He really enjoys Oak Meadow math due to it’s gentle nature- when it introduces a concept, it does so very simply, so it’s easy to understand how the process works.
I was a typical nervous mom, which I think is understandable considering he is my first middle schooler. Oak Meadow has been a staple in our home since the third grade, and I that they do a beautiful job at preparing kids to move on to the next grade level.
The transition from sixth grade to seventh has been seamless.
The mold fossils in particular took some work to remove the clay once the plaster had dried, giving him a tiny taste of what it’s like for paleontologists when they clean fossils.
He took his time to remove the clay with toothpicks and ended up with a hand full of beautiful “fossils.” I took video of this activity and will share in in-depth how-to post soon!
Bug did an experiment to see how various types of fossils were formed.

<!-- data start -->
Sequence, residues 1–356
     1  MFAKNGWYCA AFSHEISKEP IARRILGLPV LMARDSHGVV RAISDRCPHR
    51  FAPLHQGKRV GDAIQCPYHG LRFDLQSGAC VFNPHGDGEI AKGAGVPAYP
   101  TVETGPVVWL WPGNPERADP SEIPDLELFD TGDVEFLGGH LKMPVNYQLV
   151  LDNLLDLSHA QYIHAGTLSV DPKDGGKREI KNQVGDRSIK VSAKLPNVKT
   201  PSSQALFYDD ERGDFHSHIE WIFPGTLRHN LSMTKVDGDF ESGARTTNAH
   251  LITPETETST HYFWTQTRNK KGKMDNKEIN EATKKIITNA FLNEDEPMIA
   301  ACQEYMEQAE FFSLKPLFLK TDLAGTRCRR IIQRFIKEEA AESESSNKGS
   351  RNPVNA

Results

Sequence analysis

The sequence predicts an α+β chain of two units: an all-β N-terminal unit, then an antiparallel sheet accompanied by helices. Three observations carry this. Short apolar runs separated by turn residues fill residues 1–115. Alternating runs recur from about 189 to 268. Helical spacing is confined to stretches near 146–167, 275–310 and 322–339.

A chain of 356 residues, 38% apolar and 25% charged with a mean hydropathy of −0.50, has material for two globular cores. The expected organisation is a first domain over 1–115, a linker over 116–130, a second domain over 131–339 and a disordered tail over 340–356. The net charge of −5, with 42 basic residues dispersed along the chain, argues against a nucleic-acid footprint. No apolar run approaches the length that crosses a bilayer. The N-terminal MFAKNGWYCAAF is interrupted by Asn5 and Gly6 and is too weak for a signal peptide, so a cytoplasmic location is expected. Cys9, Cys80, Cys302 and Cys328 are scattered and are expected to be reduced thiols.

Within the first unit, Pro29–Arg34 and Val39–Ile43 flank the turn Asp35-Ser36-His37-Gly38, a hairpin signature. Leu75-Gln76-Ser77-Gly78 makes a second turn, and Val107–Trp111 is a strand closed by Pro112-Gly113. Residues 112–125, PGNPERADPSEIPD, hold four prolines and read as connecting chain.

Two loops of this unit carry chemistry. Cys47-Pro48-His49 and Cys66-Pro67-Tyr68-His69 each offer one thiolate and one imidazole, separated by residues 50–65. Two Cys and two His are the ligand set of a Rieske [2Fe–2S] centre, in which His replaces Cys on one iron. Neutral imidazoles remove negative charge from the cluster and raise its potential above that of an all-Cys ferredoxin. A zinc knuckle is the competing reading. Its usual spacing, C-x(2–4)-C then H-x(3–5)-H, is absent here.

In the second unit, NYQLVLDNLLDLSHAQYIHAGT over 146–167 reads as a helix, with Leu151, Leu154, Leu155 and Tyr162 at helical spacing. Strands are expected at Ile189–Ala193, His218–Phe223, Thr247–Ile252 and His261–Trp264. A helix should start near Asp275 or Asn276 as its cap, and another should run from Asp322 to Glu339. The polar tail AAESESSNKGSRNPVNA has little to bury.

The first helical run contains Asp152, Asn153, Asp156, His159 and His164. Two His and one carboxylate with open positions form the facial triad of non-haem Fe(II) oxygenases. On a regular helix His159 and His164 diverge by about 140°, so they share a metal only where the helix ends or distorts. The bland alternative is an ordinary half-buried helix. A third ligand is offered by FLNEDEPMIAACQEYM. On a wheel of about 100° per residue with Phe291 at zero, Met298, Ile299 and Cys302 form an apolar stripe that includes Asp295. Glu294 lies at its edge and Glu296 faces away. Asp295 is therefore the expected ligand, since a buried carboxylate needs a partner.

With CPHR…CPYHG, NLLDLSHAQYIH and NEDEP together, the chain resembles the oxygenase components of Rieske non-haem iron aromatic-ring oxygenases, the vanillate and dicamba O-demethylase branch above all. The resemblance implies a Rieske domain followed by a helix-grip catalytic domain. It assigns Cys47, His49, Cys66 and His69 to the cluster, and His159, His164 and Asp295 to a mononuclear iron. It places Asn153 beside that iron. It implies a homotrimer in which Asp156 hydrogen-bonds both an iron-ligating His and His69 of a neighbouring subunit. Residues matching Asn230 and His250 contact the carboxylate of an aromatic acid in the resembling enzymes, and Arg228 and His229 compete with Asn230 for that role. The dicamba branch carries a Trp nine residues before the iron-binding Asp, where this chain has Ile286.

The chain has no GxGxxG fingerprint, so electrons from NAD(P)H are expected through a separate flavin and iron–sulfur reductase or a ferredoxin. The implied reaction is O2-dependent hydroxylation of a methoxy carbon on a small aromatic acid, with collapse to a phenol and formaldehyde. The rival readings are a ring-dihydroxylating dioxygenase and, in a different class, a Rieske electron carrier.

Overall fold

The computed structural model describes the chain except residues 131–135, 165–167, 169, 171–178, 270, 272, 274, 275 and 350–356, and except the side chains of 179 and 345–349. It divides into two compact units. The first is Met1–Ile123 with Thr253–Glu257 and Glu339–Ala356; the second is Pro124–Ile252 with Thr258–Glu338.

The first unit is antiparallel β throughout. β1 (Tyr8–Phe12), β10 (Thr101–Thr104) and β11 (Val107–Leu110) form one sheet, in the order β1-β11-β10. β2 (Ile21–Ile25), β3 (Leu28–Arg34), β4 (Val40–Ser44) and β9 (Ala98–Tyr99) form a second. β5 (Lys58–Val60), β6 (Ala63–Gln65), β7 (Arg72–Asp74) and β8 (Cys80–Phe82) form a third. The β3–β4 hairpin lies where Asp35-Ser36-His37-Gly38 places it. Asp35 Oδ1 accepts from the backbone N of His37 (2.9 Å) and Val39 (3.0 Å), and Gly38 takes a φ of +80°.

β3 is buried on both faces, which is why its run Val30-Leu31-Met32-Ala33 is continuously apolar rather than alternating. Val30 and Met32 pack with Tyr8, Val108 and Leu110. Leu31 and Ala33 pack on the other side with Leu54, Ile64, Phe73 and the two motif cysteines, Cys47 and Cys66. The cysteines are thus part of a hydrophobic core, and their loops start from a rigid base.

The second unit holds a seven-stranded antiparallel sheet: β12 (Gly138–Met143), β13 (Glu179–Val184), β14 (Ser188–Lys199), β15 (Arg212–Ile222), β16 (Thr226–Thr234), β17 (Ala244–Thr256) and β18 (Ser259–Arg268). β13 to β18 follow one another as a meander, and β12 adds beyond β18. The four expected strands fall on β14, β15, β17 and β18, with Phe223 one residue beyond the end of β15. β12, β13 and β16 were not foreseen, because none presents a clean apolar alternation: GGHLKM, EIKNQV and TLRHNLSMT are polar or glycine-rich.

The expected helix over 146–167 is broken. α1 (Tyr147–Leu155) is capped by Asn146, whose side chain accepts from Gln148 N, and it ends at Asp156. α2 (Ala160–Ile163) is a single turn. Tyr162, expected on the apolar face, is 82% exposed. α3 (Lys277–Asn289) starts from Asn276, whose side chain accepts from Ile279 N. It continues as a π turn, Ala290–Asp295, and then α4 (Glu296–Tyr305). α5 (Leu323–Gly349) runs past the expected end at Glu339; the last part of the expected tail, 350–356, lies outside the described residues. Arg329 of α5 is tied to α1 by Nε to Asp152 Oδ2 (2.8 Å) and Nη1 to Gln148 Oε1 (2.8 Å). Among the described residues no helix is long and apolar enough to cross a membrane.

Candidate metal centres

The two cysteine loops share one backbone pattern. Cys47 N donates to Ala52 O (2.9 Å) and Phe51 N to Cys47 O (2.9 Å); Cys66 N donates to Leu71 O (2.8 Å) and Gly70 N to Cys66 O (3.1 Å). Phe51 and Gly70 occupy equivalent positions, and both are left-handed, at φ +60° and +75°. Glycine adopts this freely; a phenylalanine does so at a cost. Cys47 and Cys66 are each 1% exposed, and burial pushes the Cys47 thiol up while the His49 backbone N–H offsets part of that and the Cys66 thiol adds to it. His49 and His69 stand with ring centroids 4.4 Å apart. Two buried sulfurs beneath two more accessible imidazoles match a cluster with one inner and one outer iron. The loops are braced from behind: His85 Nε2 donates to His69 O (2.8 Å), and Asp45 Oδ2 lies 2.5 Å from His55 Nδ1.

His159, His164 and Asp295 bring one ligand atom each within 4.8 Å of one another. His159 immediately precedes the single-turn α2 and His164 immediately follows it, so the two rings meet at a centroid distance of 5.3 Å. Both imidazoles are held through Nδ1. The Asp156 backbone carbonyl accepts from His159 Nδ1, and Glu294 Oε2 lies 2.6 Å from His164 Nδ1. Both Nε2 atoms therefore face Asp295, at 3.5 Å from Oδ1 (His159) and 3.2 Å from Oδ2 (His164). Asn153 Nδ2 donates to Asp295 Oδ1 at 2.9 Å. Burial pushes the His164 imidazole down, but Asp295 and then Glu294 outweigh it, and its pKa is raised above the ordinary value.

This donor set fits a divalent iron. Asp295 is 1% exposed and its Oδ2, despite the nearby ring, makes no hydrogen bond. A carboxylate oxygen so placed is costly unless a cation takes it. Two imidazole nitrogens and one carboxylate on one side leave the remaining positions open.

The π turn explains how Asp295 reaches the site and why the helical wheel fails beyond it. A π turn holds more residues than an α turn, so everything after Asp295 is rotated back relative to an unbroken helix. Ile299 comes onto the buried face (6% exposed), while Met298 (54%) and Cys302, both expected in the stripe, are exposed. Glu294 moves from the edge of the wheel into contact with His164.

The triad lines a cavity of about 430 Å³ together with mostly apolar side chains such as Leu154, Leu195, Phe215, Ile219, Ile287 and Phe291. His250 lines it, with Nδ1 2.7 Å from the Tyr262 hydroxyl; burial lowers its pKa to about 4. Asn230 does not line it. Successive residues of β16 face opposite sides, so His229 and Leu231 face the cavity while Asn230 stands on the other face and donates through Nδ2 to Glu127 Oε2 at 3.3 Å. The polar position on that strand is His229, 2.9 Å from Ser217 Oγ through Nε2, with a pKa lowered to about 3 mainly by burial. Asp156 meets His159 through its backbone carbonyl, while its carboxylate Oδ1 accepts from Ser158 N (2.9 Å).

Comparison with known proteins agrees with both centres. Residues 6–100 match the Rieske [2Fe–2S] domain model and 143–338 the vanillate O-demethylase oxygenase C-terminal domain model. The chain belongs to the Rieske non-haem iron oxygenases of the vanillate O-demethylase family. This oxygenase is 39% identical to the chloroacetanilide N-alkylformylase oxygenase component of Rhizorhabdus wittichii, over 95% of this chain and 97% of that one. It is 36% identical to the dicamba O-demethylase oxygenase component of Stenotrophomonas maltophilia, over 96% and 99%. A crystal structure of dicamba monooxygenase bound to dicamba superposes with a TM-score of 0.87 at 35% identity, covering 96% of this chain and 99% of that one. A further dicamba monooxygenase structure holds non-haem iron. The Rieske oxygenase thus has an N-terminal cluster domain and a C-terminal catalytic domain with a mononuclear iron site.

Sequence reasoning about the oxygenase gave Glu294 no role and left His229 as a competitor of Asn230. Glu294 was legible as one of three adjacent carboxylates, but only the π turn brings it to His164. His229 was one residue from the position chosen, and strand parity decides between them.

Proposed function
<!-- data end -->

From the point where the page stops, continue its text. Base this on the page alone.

He made some fossils by making imprints in Plaster of Paris, and some by creating molds out of clay, and then filling those with plaster.
This week in math, Bug has been working on order of operations.
He’s worked ahead of the Oak Meadow math program for years- not because the program is behind, but because he’s always been very talented with math.
Finally, this chapter discussed some of the legislation that came out of the Civil War that affected these tribes.
I can see the change in the maturity level of the curriculum in this book.
He would have done it all in one sitting if I let him!